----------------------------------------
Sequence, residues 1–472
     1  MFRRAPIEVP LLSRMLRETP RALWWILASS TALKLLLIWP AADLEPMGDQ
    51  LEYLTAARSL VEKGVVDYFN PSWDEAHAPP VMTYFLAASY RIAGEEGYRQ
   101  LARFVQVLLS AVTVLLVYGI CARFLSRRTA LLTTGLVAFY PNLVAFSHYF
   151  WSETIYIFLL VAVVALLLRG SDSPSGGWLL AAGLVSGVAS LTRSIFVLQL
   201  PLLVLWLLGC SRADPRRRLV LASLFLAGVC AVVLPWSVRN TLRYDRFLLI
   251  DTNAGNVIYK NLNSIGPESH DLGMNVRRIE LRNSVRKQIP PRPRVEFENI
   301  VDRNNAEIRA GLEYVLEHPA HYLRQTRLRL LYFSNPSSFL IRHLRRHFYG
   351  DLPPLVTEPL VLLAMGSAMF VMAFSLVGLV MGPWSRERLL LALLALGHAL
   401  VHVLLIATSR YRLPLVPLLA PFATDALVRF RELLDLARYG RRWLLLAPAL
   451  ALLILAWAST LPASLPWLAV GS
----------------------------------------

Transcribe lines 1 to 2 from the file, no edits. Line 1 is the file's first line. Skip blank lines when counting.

Sequence, residues 1–472
     1  MFRRAPIEVP LLSRMLRETP RALWWILASS TALKLLLIWP AADLEPMGDQ